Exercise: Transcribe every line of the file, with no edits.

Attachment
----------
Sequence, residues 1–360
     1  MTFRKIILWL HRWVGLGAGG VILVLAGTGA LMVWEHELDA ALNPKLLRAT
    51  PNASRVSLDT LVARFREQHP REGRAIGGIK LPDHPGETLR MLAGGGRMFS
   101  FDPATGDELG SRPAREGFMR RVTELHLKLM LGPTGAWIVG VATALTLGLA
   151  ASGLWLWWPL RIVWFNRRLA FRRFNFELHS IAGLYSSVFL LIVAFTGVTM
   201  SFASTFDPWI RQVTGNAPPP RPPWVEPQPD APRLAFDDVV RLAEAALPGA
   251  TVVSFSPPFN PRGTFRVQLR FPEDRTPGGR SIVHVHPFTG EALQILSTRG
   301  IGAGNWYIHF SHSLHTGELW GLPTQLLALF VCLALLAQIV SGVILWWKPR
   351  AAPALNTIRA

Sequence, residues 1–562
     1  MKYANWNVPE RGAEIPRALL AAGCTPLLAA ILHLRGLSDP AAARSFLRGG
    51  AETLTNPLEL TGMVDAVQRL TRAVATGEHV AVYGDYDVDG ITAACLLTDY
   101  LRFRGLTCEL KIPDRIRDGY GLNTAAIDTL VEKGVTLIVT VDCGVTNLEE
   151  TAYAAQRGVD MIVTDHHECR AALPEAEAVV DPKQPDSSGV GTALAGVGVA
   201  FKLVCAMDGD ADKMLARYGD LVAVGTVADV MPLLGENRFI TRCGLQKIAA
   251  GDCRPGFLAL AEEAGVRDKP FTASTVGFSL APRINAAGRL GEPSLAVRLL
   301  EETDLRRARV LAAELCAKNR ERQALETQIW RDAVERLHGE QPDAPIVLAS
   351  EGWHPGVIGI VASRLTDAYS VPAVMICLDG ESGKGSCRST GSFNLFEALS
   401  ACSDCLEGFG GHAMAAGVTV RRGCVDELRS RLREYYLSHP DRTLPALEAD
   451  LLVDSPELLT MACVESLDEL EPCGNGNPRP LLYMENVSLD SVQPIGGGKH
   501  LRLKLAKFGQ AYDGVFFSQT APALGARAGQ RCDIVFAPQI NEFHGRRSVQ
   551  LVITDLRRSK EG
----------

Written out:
Sequence, residues 1–360
     1  MTFRKIILWL HRWVGLGAGG VILVLAGTGA LMVWEHELDA ALNPKLLRAT
    51  PNASRVSLDT LVARFREQHP REGRAIGGIK LPDHPGETLR MLAGGGRMFS
   101  FDPATGDELG SRPAREGFMR RVTELHLKLM LGPTGAWIVG VATALTLGLA
   151  ASGLWLWWPL RIVWFNRRLA FRRFNFELHS IAGLYSSVFL LIVAFTGVTM
   201  SFASTFDPWI RQVTGNAPPP RPPWVEPQPD APRLAFDDVV RLAEAALPGA
   251  TVVSFSPPFN PRGTFRVQLR FPEDRTPGGR SIVHVHPFTG EALQILSTRG
   301  IGAGNWYIHF SHSLHTGELW GLPTQLLALF VCLALLAQIV SGVILWWKPR
   351  AAPALNTIRA

Sequence, residues 1–562
     1  MKYANWNVPE RGAEIPRALL AAGCTPLLAA ILHLRGLSDP AAARSFLRGG
    51  AETLTNPLEL TGMVDAVQRL TRAVATGEHV AVYGDYDVDG ITAACLLTDY
   101  LRFRGLTCEL KIPDRIRDGY GLNTAAIDTL VEKGVTLIVT VDCGVTNLEE
   151  TAYAAQRGVD MIVTDHHECR AALPEAEAVV DPKQPDSSGV GTALAGVGVA
   201  FKLVCAMDGD ADKMLARYGD LVAVGTVADV MPLLGENRFI TRCGLQKIAA
   251  GDCRPGFLAL AEEAGVRDKP FTASTVGFSL APRINAAGRL GEPSLAVRLL
   301  EETDLRRARV LAAELCAKNR ERQALETQIW RDAVERLHGE QPDAPIVLAS
   351  EGWHPGVIGI VASRLTDAYS VPAVMICLDG ESGKGSCRST GSFNLFEALS
   401  ACSDCLEGFG GHAMAAGVTV RRGCVDELRS RLREYYLSHP DRTLPALEAD
   451  LLVDSPELLT MACVESLDEL EPCGNGNPRP LLYMENVSLD SVQPIGGGKH
   501  LRLKLAKFGQ AYDGVFFSQT APALGARAGQ RCDIVFAPQI NEFHGRRSVQ
   551  LVITDLRRSK EG